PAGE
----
assuming arguendo that FPIC is liable for the license fee, the imposition thereof based on gross receipts is violative of the aforecited provision. The amount of P956,076.04 (P239,019.01 per quarter) is not commensurate to the cost of regulation, inspection and licensing. The fee is already a revenue raising

measure, and not a mere regulatory imposition. The Treasurer denied the protest saying that petitioner cannot be considered engaged in transportation business, thus it cannot claim exemption under Section 133 (j) of the Local Government Code. FPIC filed with the Regional Trial Court of Batangas City a complaint for tax refund alleging primarily that the imposition and collection of the business tax on its gross receipts violates Section 133 of the Local Government Code. The City argued that FPIC cannot be exempt from taxes under Section 133 (j) of the Local Government Code because the exemption applied only to “transportation contractors and persons engaged in the transportation by hire and common carriers by air, land and water.” It claimed that pipelines are not included in the term “common carrier” which refers solely to ordinary carriers such as trucks, trains, ships and the like. The City added that the term “common carrier” pertains to the manner by which a product is delivered to its destination. The trial court rendered a decision dismissing the complaint, adhering to the position taken by the City. The Court of Appeals affirmed the dismissal. The Supreme Court reversed the Court of Appeals.

The Court explained that a “common carrier” may be defined, broadly, as one who holds himself out to the public as engaged in the business of transporting persons or property from place to place, for compensation, offering his services to the public generally. Article 1732 of the Civil Code defines a “common carrier” as “any person, corporation, firm or association engaged in the business of carrying or transporting passengers or goods or both, by land, water, or air, for compensation, offering their services to the public.” The test for determining whether a party is a common carrier of goods is: 1. He must be engaged in the business of carrying goods for others as a public employment, and must hold himself out as ready to engage in the transportation of goods for person generally as a business and not as a casual occupation; 2. He must undertake to carry goods of the kind to which his business is confined; 3. He must undertake to carry by the method by which his business is conducted and over his established roads; and 4. The transportation must be for hire.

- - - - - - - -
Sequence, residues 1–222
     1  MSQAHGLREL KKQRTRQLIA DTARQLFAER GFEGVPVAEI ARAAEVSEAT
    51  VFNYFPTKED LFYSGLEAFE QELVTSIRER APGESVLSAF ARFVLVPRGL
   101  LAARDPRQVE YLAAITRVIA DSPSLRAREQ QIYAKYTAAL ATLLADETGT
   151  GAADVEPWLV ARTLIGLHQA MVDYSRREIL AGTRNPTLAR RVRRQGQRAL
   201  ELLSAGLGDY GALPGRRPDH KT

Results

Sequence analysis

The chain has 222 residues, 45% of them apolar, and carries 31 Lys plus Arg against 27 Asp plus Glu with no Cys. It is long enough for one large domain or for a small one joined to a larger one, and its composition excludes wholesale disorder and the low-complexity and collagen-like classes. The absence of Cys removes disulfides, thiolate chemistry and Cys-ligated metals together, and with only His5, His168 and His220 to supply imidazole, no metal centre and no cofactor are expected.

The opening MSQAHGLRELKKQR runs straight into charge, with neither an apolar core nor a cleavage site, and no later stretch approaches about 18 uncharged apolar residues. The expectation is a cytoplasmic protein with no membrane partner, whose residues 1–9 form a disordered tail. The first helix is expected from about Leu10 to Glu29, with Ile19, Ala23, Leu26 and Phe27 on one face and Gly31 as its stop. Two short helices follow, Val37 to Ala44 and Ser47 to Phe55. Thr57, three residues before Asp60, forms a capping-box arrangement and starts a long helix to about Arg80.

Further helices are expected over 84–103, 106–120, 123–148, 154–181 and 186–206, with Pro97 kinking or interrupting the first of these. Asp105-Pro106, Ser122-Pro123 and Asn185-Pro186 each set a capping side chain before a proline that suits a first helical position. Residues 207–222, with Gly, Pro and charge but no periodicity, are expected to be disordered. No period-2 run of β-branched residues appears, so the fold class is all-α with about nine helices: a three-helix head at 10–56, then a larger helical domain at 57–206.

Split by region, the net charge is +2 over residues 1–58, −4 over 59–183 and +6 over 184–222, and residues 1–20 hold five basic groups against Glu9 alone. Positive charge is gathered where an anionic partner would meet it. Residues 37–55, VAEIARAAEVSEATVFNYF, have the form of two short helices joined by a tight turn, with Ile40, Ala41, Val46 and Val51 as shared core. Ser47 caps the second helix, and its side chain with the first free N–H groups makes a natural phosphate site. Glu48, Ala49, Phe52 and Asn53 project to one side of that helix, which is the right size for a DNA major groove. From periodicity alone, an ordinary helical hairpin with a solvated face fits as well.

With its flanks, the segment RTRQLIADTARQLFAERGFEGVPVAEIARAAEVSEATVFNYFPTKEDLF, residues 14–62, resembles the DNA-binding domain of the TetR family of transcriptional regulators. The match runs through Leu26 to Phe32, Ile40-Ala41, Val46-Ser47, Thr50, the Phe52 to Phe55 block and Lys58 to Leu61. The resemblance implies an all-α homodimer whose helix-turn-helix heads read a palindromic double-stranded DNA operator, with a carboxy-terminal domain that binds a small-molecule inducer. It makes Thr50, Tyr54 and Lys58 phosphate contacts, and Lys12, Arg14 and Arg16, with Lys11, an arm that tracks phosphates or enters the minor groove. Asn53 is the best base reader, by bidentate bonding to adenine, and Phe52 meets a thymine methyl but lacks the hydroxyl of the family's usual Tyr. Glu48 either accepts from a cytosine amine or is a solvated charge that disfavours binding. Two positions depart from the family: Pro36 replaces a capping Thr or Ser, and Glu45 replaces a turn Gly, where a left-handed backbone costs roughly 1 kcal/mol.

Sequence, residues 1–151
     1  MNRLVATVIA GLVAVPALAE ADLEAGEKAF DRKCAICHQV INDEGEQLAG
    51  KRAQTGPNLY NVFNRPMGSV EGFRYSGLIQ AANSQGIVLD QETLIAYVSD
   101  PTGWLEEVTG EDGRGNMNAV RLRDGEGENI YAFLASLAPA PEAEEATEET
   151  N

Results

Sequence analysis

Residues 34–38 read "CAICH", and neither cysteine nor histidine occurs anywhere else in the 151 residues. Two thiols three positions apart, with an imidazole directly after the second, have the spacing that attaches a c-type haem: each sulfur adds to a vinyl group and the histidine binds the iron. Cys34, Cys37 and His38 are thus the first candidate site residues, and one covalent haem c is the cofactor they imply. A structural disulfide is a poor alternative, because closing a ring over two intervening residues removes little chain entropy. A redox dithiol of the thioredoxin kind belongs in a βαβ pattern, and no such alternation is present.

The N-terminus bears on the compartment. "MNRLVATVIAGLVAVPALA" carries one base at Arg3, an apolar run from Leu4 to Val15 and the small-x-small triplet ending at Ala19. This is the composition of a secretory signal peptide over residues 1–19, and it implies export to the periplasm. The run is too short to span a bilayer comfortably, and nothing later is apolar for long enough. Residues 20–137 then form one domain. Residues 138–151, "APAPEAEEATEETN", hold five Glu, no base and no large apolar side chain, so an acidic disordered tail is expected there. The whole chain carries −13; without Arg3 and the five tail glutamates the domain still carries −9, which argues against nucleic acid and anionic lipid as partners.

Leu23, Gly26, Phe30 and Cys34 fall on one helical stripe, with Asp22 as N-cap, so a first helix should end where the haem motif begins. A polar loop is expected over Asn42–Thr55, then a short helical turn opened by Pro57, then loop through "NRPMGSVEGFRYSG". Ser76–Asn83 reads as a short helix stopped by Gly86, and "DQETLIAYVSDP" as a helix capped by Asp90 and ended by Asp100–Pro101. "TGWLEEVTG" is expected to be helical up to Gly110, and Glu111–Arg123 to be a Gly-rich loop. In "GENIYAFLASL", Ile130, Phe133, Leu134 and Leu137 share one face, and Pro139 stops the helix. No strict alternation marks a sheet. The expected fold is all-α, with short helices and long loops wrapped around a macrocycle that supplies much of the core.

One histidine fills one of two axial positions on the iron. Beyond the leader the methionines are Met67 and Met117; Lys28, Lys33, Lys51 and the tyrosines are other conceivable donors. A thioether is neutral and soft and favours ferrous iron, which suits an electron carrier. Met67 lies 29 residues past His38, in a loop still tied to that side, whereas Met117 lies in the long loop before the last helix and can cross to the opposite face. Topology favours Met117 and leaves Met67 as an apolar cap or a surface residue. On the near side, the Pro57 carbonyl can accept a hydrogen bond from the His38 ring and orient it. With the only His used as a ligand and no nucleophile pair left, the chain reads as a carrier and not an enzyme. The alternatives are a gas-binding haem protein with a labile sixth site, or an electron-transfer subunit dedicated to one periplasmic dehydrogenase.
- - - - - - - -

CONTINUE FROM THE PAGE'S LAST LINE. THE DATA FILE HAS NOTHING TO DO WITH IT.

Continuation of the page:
The Court held that based on the above definitions and requirements there is no doubt that FPIC is a common carrier. It is engaged in the business of transporting or carrying goods (petroleum products) for hire as a public employment. It undertakes to carry for all persons who choose to employ its services, and transports the goods by land and for compensation. The fact that it has a limited clientele does not exclude it from the definition of a common carrier.

The City’s argument that the term “common carrier” as used in Section 133 (j) of the Local Government Code refers only to common carriers transporting goods and passengers through moving vehicles or vessels either by land, sea or water, is erroneous. The definition of “common carriers” in the Civil Code makes no distinction as to the means of transporting, as long as it is by land, water or air. It does not provide that the transportation of the passengers or goods should be by motor vehicle. Under the Petroleum Act of the Philippines (Republic Act No. 387), FPIC is considered a “common carrier.” Thus, Article 86 thereof provides that: Art. 86. Pipe line concessionaire as a common carrier. — A pipe line shall have the preferential right to utilize installations for the transportation of petroleum owned by him, but is obligated to utilize the remaining transportation capacity pro rata for the transportation of such other petroleum as may be offered by others for transport, and to charge without discrimination such rates as may have been approved by the Secretary of Agriculture and Natural Resources. Republic Act 387 also regards petroleum operation as a public utility. Pertinent portion of Article 7 thereof provides: that everything relating to the exploration for and exploitation of petroleum x x and everything relating to the manufacture, refining, storage, or transportation by special methods of petroleum, is hereby declared to be a public utility. The Bureau of Internal Revenue likewise considers FPIC as a “common carrier.” In BIR Ruling No. 069-83, it declared: …since [petitioner] is a pipeline concessionaire that is engaged only in